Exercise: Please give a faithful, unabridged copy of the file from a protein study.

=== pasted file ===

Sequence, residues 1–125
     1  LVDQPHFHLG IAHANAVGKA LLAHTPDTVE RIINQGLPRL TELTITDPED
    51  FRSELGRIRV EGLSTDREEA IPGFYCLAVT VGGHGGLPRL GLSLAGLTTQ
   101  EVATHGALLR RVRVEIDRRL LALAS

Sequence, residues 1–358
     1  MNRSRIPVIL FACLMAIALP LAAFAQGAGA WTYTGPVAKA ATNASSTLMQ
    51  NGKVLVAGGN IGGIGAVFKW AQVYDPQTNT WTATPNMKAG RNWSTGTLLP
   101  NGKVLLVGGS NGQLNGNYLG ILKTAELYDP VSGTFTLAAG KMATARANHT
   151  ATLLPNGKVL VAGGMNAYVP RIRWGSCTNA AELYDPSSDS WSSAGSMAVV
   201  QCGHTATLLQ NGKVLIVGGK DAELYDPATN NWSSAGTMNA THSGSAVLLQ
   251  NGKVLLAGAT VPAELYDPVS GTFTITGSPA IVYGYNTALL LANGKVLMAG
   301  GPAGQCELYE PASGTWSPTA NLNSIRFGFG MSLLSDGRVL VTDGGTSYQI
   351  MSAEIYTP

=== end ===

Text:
Sequence, residues 1–125
     1  LVDQPHFHLG IAHANAVGKA LLAHTPDTVE RIINQGLPRL TELTITDPED
    51  FRSELGRIRV EGLSTDREEA IPGFYCLAVT VGGHGGLPRL GLSLAGLTTQ
   101  EVATHGALLR RVRVEIDRRL LALAS

Sequence, residues 1–358
     1  MNRSRIPVIL FACLMAIALP LAAFAQGAGA WTYTGPVAKA ATNASSTLMQ
    51  NGKVLVAGGN IGGIGAVFKW AQVYDPQTNT WTATPNMKAG RNWSTGTLLP
   101  NGKVLLVGGS NGQLNGNYLG ILKTAELYDP VSGTFTLAAG KMATARANHT
   151  ATLLPNGKVL VAGGMNAYVP RIRWGSCTNA AELYDPSSDS WSSAGSMAVV
   201  QCGHTATLLQ NGKVLIVGGK DAELYDPATN NWSSAGTMNA THSGSAVLLQ
   251  NGKVLLAGAT VPAELYDPVS GTFTITGSPA IVYGYNTALL LANGKVLMAG
   301  GPAGQCELYE PASGTWSPTA NLNSIRFGFG MSLLSDGRVL VTDGGTSYQI
   351  MSAEIYTP